The social meanings and implications of the Beta-thalassaemia trait among South Asian women in England.
The AIMS of this study are to: (1) To explore how South Asian women (those who have ethnic origins in India, Pakistan or Bangladesh) make sense of the beta-thalassaemia trait in the context of their everyday experiences and, in turn, how these experiences impact their identities. (2) To ascertain the extent of the assimilation and management of genetic information by women of South Asian origin. (3) To contribute towards the debate on the provision of culturally sensitive screening policies and the dissemination of genetic information and to analyse ways in which such policies can be improved. STUDY DESIGN: A qualitative modified grounded theory study comprising of semi-structured interviews conducted in English, Urdu, Punjabi, Sylheti and Hindi. Five geographical sites were selected for the study: three in London, one in the West Midlands and a further site in Northern England based on their high density of South Asian populations as indicated by the 1991 UK Census data. Purposive sampling ensured diversity in participant backgrounds (e.g. socio-economic, religion, marital, child’s health and age). Interviews were translated and transcribed by the researcher and the computer software NVivo was used to analyse the data. SAMPLE: Forty-one South Asian women who had been diagnosed with the beta-thalassaemia trait and two haemoglobinopathy nurse specialists who undertook the role of counselling. FINDINGS: The empirical findings revealed the importance of identity, faith, culture and diversity in how women managed the knowledge of the beta thalassaemia trait. Common perceptions held by health service staff of South Asian women being homogenous in attitudes to prenatal diagnosis and termination; as subjugated to their husbands in decision-making; and as fatalistic because of their religious convictions were shown by this study to be misconceived. South Asian women actively managed their trait within the context of their everyday socio-cultural and religious experiences. For example, liberal notions of ‘informed choice’ were found not to take account of the institutional importance of motherhood for South Asian women living in the UK. Their experience of beta-thalassaemia trait was also mediated through relations of power, both within kinship networks and between family and health professionals. In making sense of the genetic identities accorded to them by health professionals, they also re-interpreted, negotiated and contested the ethos of the screening and prenatal testing processes. The participants used power and positionality to relocate their sense of genetic responsibility away from the self onto others, employing geographical and cultural explanations to justify their apparent inaction in the face of biomedical expectations and assumptions. CONCLUSION: Women acted according to their perceptions of how others would perceive them if their trait were to be disclosed and as a result they presented and constructed the trait in order to preserve the ‘self’ within the context of their everyday life experiences which has implications for the delivery of appropriately targeted screening and health services.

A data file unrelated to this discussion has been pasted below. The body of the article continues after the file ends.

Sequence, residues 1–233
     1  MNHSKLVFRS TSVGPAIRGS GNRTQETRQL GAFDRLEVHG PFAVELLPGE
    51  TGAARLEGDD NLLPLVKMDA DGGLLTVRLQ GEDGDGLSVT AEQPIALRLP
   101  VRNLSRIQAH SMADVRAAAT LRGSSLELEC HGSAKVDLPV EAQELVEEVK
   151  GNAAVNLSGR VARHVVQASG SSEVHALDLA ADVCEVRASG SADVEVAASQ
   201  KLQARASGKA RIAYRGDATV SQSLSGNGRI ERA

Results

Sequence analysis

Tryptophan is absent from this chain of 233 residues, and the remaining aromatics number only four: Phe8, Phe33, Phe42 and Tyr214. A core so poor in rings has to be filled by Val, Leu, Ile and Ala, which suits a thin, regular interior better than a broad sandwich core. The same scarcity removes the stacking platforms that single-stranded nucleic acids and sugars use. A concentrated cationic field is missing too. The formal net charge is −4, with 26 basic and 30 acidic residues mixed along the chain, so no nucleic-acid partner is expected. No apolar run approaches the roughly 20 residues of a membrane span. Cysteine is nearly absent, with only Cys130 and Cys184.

- PhD